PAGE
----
As computers and technology have made writing and revising easier and more productive, they have also created unique problems. Printers run out of ink and hard drives crash. Be sure to save your work for backup purposes. Students must be responsible for planning ahead and meeting deadlines. The core assessment, a children's book, will be sent for publication on a predetermined dates. Since many students want to use the computer for the book, it is essential that students plan ahead and do test runs prior to the actual due date ensuring that the book is completed as desired. The company publishes on a certain date and all books must be to the company at the same time to meet the deadline for publication. Using a computer is not a requirement for completion of the book.
Cell phones should not be used in class. Do not text message. It is understood there may be a circumstance that someone needs to take a call during class. If this happens, please excuse yourself take care of the matter and return to class as soon as possible.
Course introduction, in class writing
Assignment: Have a notebook to organize material (quality indicators, notes, readings, reflections, etc), Fletcher, Intro type reflection to discuss and turn in on 1/15)
Writing (Process/Skill), Triangular Perspective, Discuss Intro, Hand out book packets, Brief discussion of book
Assignment: Fletcher Ch. 1 (type reflection & discussion 1/20) Read book packet before class on 1/20—the book will be discussed on 1/20---Post questions and comments on e-Companion)
Discussion of BOOK, Quick Write, Fletcher ch.1
Assignment: BOOK is due 3/03, reflection of writing process of book is due 3/05 Fletcher ch 2 1/22)
Discussion of Portfolio/Writing Quality Indicators/Performance Indicators, Writing guidelines for QI/PIs, Fletcher ch. 2, Love of Language, Word Choice (6-Trait)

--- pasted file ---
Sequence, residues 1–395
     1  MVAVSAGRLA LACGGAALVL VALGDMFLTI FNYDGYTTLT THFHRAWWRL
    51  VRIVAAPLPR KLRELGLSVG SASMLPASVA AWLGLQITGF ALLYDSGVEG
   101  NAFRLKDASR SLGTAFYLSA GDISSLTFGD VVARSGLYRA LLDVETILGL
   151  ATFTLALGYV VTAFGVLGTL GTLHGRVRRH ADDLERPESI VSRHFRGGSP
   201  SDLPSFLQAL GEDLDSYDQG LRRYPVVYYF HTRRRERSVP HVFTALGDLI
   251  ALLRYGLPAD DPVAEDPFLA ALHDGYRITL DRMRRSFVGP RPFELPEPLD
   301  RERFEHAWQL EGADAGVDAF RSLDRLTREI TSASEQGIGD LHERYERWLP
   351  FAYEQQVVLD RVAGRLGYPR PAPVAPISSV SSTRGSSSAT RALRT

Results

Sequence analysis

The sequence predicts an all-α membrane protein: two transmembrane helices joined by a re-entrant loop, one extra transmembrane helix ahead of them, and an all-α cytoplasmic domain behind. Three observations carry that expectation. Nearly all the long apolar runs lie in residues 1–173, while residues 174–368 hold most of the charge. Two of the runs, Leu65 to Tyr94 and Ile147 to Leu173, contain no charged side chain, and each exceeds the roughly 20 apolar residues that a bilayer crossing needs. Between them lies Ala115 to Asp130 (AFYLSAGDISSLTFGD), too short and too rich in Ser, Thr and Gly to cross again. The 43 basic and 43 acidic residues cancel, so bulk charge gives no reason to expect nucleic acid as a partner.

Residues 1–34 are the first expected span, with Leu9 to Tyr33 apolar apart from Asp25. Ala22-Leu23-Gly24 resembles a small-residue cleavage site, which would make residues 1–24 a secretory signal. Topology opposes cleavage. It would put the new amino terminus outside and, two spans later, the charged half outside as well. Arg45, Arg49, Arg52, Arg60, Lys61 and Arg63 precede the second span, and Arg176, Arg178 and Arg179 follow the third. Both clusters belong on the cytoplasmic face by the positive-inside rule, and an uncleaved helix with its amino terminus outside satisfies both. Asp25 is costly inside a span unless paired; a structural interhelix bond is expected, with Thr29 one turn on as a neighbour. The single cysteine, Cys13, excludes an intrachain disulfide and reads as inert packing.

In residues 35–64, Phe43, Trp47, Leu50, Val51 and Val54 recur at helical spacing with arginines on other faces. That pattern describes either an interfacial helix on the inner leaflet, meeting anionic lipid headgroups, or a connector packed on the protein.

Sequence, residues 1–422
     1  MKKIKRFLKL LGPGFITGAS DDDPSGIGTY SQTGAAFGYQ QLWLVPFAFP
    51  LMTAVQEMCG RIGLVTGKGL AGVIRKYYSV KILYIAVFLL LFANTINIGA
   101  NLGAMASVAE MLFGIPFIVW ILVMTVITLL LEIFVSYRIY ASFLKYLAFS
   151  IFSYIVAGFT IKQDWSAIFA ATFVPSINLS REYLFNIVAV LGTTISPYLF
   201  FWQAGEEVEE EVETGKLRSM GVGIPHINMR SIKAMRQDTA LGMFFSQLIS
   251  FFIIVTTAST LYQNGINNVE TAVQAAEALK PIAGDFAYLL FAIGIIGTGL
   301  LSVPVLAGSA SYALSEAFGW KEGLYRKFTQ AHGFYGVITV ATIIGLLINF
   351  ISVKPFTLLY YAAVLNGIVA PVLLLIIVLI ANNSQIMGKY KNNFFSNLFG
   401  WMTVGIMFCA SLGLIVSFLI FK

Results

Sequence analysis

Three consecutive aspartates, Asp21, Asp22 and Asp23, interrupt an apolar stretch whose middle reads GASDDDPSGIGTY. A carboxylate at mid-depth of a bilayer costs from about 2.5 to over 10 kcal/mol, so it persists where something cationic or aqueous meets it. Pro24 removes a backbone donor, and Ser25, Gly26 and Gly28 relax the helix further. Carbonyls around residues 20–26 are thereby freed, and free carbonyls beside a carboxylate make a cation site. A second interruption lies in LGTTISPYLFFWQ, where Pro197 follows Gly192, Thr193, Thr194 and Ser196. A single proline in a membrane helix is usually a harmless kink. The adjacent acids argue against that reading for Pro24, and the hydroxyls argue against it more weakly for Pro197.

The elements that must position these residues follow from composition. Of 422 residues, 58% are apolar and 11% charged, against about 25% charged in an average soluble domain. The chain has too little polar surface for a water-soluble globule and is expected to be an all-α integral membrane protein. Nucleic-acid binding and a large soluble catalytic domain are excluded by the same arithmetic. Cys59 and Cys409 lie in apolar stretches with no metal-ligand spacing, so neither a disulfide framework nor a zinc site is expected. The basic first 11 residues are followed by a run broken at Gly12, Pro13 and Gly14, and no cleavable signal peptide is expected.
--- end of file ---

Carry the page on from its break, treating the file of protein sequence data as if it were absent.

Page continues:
Assignment: Bring drafts of 1.1, 1.1.1 & 1.1.2 (1/29) for peer review, Fletcher Ch. 3 (1/27), Post questions/comments on e-Companion
Quick Write , Reinforce guidelines, Discuss SFE Dispositions, Discuss BOOK, Foliotek
Assignment: Fletcher ch. 4 & 5(1/29), Re-do 1.1, 1.1.1 & 1.1.2 and turn in drafts (2/03). (Please review the late policy)
Peer Review of 1.1, 1.1.1 & 1.1.2, Post ideas/questions about book, Fletcher 4 & 5, Specificity and Character Development, Word Choice
Assignment: Book is due (3/03), Fletcher Ch. 6 (2/03)
Voice (6-Trait), NCTE Beliefs about Teaching of Writing
Assignment: Academic Article Annotation (2/10), Fletcher 7 & 8 (2/05) : Bring in "stuff" about your book for peer discussion, Make sure you are communicating about book on e-Companion,
Fletcher 7 & 8 Beginnings/Endings, Organization, Ideas, Discuss BOOK
Assignment Annotation for article due (2/10)
Quick Write, Discuss academic article
Assignment: Fletcher 9( 2/12), Re-do of 1.1, 1.1.1 & 1.1.2 due 2/17 (not required -- if want to have re-graded)
Quick Write, Discuss Fletcher 9, Tension, Discuss relevance of writing
Assignment: Fletcher 10 & 11 (2/17)
Graves DVD, Discussion of Writer and Teacher of Writing
Assignment: Fletcher 12 (2/19), Book is due March 3 – includes rough draft, final of the book in the packet, the letter signed for the publisher, orders for book (if any), reflective writing on writing process of the book is due 3/05 -- from CARS
Relevance of teacher’s role in developing writers, 6 Traits plus 1
Assignment: Fletcher 13 & Final Thoughts (2/24) Make sure that you have the text Notebook Know-How readings/chapter reflections will start after spring break
Final wrap up on Fletcher, 6-Traits plus 1
Assignment: Book is due 3/03 – includes rough draft, final of the book in the packet in order, the letter signed for the publisher, orders for book (if any), reflective writing on writing process of the book is due (3/05) -- from CARS
Discuss Writing Process and lesson plan presentation
Assignment: Book due 3/03, Reflection is due 3/05, Notebook Know-How 1st reading/reflection due 3/19
BOOK is due!!! What is a Discourse Community and how was it used when writing your book?
Assignment: Book reflection is due 3/05
Hand in Reflection of Writing Process of Book, Quality Indicator with performance indicators
Assignment: Academic article (3/19), Buckner Ch. 1 3/19)
Quick Write, Discuss Writer's Notebook, Graves DVD, Teaching Language Arts
Assignment: Academic article (3/19), Buckner Ch. 1 (3/19),
Writer's Notebook, Discuss Academic Article, Spelling
Assignment: Buckner ch. 2(3/24), Book Reading/Lesson Plan (4/16, 4/21, 4/23), Reflection from CARS due the class after presentation, Final (4/30), Resource Notebook (4/30)